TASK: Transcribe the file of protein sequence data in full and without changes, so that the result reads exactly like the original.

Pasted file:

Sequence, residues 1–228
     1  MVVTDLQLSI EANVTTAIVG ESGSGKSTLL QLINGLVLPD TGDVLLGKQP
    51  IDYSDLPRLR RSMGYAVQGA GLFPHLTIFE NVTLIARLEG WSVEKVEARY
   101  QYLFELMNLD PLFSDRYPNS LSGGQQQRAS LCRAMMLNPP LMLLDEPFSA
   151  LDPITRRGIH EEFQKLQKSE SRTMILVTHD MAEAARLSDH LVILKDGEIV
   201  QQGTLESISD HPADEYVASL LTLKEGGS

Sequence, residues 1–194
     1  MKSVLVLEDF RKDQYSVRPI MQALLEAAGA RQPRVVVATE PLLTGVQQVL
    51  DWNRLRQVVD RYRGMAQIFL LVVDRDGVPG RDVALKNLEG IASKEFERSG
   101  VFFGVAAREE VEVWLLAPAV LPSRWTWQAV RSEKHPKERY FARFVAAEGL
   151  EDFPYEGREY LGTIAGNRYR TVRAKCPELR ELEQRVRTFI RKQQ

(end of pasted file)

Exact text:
Sequence, residues 1–228
     1  MVVTDLQLSI EANVTTAIVG ESGSGKSTLL QLINGLVLPD TGDVLLGKQP
    51  IDYSDLPRLR RSMGYAVQGA GLFPHLTIFE NVTLIARLEG WSVEKVEARY
   101  QYLFELMNLD PLFSDRYPNS LSGGQQQRAS LCRAMMLNPP LMLLDEPFSA
   151  LDPITRRGIH EEFQKLQKSE SRTMILVTHD MAEAARLSDH LVILKDGEIV
   201  QQGTLESISD HPADEYVASL LTLKEGGS

Sequence, residues 1–194
     1  MKSVLVLEDF RKDQYSVRPI MQALLEAAGA RQPRVVVATE PLLTGVQQVL
    51  DWNRLRQVVD RYRGMAQIFL LVVDRDGVPG RDVALKNLEG IASKEFERSG
   101  VFFGVAAREE VEVWLLAPAV LPSRWTWQAV RSEKHPKERY FARFVAAEGL
   151  EDFPYEGREY LGTIAGNRYR TVRAKCPELR ELEQRVRTFI RKQQ